Politics and Nuance in Israel 

“Politics and Nuance in Israel”

American and Israeli students are learning how to refrain from jumping to quick conclusions and to appreciate the political leaders of the past and present.
By Rick Brody 
On Monday, we visited the Ehad Ha’am School in Petach Tikvah, where our students interacted with Israeli peers. I had the chance to sit in on some of the classroom activities they engaged in and witnessed a subtle exchange that the students probably didn’t notice. In one exercise, each student needed to choose from a pile of pictures and symbols to identify something (or someone) that captures their sense of identity, someone with whom they feel a connection, and someone (or something) that makes them uncomfortable or that bothers them. A picture of David Ben Gurion was a common choice, but one time for a very uncommon designation. An Israeli girl said that Ben Gurion is someone who bothers her because he established the Israeli left wing and she considers herself right-wing. The immediate reaction of the teacher (who, I learned later, is a history teacher) was fascinating.

As one might imagine, Ben Gurion remains sacrosanct for many Israelis. For some, criticizing him might engender anger or defensiveness. On the other hand, if Israel is to be the robust democracy and free society that it aspires to be—and that surely Ben Gurion desired—perhaps current Israeli educators would want to encourage students to look critically at the country’s “sacred cows” and speak freely about them in ways that go beyond superficial hagiography. Coming from Barrack, where we emphasize our pluralism not only in religious belief and practice but also in intellectual and ideological interpretation of history and politics, I was very curious about how the teacher would respond.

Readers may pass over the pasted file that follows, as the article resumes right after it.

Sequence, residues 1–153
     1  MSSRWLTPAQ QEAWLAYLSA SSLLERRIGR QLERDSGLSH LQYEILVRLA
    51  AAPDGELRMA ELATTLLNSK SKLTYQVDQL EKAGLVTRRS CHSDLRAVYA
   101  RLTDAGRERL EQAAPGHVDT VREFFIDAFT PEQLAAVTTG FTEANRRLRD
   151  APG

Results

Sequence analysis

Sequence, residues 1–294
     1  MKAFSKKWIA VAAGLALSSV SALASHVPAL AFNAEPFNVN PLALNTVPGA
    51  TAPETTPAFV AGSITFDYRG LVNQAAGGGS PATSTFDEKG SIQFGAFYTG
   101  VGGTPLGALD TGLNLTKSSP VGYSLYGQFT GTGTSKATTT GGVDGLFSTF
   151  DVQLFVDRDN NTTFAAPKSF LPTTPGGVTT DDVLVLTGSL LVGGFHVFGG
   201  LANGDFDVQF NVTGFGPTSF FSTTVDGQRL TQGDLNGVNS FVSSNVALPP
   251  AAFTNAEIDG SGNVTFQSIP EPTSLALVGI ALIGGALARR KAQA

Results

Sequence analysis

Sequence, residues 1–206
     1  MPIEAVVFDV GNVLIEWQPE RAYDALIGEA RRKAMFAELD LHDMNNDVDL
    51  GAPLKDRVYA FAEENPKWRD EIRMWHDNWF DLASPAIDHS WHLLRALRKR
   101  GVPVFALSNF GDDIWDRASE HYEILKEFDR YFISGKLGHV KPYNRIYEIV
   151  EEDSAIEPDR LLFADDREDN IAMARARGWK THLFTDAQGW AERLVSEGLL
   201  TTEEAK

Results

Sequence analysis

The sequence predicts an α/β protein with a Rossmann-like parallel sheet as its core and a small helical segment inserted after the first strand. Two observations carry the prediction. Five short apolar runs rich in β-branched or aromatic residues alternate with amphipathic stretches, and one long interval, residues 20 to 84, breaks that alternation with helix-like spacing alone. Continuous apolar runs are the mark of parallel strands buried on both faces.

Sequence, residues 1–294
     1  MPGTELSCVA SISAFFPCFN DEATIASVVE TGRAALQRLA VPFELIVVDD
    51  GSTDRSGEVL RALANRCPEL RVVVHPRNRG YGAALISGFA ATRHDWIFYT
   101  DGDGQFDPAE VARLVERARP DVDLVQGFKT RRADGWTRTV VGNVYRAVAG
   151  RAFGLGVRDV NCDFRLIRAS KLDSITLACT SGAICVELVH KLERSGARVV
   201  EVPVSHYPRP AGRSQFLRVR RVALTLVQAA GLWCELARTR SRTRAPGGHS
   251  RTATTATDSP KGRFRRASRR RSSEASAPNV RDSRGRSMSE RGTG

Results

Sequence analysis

The teacher’s firm yet nuanced reply was neither a celebration of the student’s choice nor a complete silencing. Rather, she told the student that at her age, she is not yet ready to make such a broad-sweeping dismissal of such an important historical figure. She told the student that it is very important to continue to read, learn, and talk about Ben Gurion, his policies, and his legacy, and that only after much more exploration would she be in a position to decide if she agrees with his political legacy or not. And that in the meantime, all Israelis have a responsibility to recognize the incomparable impact that Ben Gurion had on the entire State of Israel and its history, regardless of politics. The honoring of Ben Gurion is not a matter of right or left, she said, but simply part of being a grateful Israeli citizen and appreciating his fundamental role in founding the state. The student appeared to tacitly accept this constructive criticism, offering no response. At that point, I shared with the students that Americans take the same approach towards George Washington. He is the father of our country and we honor that, regardless of his specific policies. The teacher and students appeared to appreciate that comparison. I spoke afterwards with the school principal who was present for the incident, and she told me she felt the teacher handled it perfectly. 

The students had another opportunity to encounter questions of politics on Tuesday, when—thanks to a close personal friendship with Rabbi Marc Israel and Abby Frank, parents of 8th-grader Elianna Israel—the US Ambassador to Israel, Dan Shapiro, met with our group. Ambassador Shapiro talked about his career, the specific roles he plays in his job, and taught the students about some important aspects of the US-Israel relationship, including some  controversial current issues such as negotiations with Iran and the ongoing conflict with the Palestinians. Ambassador Shapiro assured the students that President Obama, a close friend of his, is absolutely committed to a strong US-Israel relationship and a strong and secure Jewish State—and that differences between the Obama administration and that of Prime Minister Netanyahu are matters of policy, not of goals. This was another example of educating young people about the importance of recognizing the complexity of politics, refraining from drawing quick conclusions based on small bits of information, and honoring the official positions of leadership within our government regardless of particular policy disagreements with a given administration. More specifically, it was a chance for the students to learn about the deep connections between the governments of these two nations and appreciate what it means to be an ambassador. They all recognized the great honor that it was to have this special visit. 


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